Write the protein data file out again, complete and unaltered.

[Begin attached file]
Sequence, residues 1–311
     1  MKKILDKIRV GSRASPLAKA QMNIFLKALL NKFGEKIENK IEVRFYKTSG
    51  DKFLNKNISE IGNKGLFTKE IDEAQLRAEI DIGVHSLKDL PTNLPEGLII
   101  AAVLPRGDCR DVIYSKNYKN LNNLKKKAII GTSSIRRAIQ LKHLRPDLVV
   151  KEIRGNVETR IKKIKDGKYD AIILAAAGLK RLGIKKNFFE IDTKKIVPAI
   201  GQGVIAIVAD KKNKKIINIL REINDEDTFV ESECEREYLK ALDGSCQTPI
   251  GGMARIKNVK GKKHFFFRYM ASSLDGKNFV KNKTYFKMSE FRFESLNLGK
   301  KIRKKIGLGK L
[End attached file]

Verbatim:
Sequence, residues 1–311
     1  MKKILDKIRV GSRASPLAKA QMNIFLKALL NKFGEKIENK IEVRFYKTSG
    51  DKFLNKNISE IGNKGLFTKE IDEAQLRAEI DIGVHSLKDL PTNLPEGLII
   101  AAVLPRGDCR DVIYSKNYKN LNNLKKKAII GTSSIRRAIQ LKHLRPDLVV
   151  KEIRGNVETR IKKIKDGKYD AIILAAAGLK RLGIKKNFFE IDTKKIVPAI
   201  GQGVIAIVAD KKNKKIINIL REINDEDTFV ESECEREYLK ALDGSCQTPI
   251  GGMARIKNVK GKKHFFFRYM ASSLDGKNFV KNKTYFKMSE FRFESLNLGK
   301  KIRKKIGLGK L